Friday, February 16, 2018 • 7:30pm
Sunday, February 18, 2018 • 2:30pm
Performed at The Morrison Center
$25.50 to $76.50
Sung in Italian
Music: Giacomo Puccini
Libretto: Luigi Illica & Giuseppe giacosa
Premiere: February 17, 1904, Teatro alla Scala, Milan
Cio-Cio-San (Madama Butterfly) • Vanessa Isiguen
B. F. Pinkerton • Chaz’men Williams-Ali
Suzuki • Michele Detwiler
Sharpless • Kenneth Overton
Goro • Anthony Webb
Prince Yamadori • Jason Detwiler
Il Bonzo • Dennis rupp
Kate Pinkerton • Soprano Emily Hansen
Il commissario • Willis Carr
Il Ufficiale del Registro • Nik Dumas
Lo Zio Yakusidé • Casey Lebold
La madre • Melissa Bagwell
La Zia • Patty Wainwright
La cugina • Kristen Dittman
Dolore (Sorrow, Cio-Cio-San’s child) • Robert Pope
Director • Helena Binder
Conductor • Dean Williamson
One of the most popular operas of all time, Giacomo Puccini’s Madama Butterfly is near the top of the list of operas performed by Opera Idaho in its 44-year history with five productions. Last performed in 2011 at The Egyptian Theatre, this production returns to The Morrison Center. The opera tells the story Cio-Cio-San, the trusting and innocent young geisha of the title, who disastrously falls in love with American Navy lieutenant B. F. Pinkerton, only to be abandoned by him. Her loyal servant Suzuki and Sharpless, the sympathetic American consul, do all they can but are unable to avert tragedy.
Madama Butterfly: a disastrous premiere and in trouble again
by General Director Mark Junkert
Thursday, January 18, 2018
6:00pm – 7:30pm
The Community Library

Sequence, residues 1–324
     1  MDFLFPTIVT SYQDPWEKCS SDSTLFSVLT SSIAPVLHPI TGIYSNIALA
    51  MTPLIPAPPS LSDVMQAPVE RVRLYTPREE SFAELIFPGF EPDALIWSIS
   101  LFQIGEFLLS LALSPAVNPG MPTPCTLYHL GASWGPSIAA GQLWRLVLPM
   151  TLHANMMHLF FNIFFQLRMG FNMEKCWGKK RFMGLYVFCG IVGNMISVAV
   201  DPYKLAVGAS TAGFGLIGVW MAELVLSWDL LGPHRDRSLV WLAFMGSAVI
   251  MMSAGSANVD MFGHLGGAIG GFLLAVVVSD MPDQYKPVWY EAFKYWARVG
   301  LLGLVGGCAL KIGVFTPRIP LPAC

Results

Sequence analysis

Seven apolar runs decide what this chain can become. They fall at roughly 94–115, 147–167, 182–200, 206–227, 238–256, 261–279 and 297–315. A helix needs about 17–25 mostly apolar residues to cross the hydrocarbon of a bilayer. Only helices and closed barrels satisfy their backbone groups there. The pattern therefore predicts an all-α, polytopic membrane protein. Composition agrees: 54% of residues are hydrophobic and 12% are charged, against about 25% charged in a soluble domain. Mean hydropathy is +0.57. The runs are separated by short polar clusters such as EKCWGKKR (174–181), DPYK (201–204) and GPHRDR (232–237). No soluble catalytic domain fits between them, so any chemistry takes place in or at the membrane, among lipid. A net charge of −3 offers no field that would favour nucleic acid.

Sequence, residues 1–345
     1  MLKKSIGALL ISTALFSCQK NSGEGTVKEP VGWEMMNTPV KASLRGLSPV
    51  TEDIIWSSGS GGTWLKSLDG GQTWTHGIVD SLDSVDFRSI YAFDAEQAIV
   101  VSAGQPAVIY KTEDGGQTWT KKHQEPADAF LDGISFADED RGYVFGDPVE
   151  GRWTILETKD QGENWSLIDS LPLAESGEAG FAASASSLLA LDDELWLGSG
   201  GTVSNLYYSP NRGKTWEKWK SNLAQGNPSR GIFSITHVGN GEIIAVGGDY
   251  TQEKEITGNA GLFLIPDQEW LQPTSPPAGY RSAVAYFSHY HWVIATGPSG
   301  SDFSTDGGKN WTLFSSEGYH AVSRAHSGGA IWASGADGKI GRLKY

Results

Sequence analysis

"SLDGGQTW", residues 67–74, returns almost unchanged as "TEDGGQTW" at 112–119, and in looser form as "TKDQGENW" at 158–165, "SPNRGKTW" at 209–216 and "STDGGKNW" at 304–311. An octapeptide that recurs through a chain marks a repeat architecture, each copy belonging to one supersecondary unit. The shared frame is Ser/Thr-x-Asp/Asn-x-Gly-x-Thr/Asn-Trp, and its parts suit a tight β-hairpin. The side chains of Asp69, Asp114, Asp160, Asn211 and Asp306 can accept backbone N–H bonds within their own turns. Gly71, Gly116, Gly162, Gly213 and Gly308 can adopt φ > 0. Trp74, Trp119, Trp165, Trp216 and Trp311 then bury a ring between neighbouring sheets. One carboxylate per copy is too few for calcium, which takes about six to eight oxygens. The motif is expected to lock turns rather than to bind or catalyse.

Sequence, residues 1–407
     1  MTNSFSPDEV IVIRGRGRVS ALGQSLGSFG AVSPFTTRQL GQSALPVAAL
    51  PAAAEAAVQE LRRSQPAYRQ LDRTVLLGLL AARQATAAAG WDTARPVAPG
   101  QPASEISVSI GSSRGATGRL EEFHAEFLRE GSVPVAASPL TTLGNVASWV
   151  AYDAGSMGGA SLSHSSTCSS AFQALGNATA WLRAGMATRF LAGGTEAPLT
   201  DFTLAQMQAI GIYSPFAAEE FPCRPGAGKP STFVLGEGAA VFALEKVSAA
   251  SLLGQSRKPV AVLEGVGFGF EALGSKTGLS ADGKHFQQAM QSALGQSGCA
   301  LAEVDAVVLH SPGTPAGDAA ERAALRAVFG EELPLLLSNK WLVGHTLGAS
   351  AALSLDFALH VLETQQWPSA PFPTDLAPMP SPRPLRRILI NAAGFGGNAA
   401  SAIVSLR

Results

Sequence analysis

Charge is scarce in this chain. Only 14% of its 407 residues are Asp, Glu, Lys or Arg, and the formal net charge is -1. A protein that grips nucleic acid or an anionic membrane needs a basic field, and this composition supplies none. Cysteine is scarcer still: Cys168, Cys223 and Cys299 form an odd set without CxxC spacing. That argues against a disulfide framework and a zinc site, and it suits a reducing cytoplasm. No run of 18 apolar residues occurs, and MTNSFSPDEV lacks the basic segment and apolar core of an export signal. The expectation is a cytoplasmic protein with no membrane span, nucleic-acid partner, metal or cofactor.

415 Spruce Ave, Ketchum, ID 83340, United States
Puccini’s Madama Butterfly, one of the most-performed and-beloved operas worldwide, had a disastrous premiere but has stood the test of time. Once again though, in our age of political correctness, the opera is under attack for its insensitive ethnic stereotyping. We will look at the opera through the years and address what opera companies are doing today to address our contemporary issues. Opera Idaho General Director Mark Junkert will talk about Madama Butterfly, which Opera Idaho will perform in Ketchum on Feb. 10 at Presbyterian Church of the Bigwood and in Boise on Feb.16 and 18 at the Morrison Center.
Place: Nagasaki, Japan.
In 1904, a U.S. Naval officer named Pinkerton rents a house on a hill in Nagasaki, Japan, for himself and his soon-to-be wife, “Butterfly”. Her real name is Ciocio-san (cio-cio, pronounced “chocho” [t͡ʃoːt͡ʃoː], the Japanese word for “butterfly” (蝶々 chōchō?); san is a plain honorific). She is a 15-year-old Japanese girl whom he is marrying for convenience, since he intends to leave her once he finds a proper American wife, and since Japanese divorce laws are very lax. The wedding is to take place at the house. Butterfly had been so excited to marry an American that she had earlier secretly converted to Christianity. After the wedding ceremony, her uninvited uncle, a bonze, who has found out about her conversion, comes to the house, curses her and orders all the guests to leave, which they do while renouncing her. Pinkerton and Butterfly sing a love duet and prepare to spend their first night together.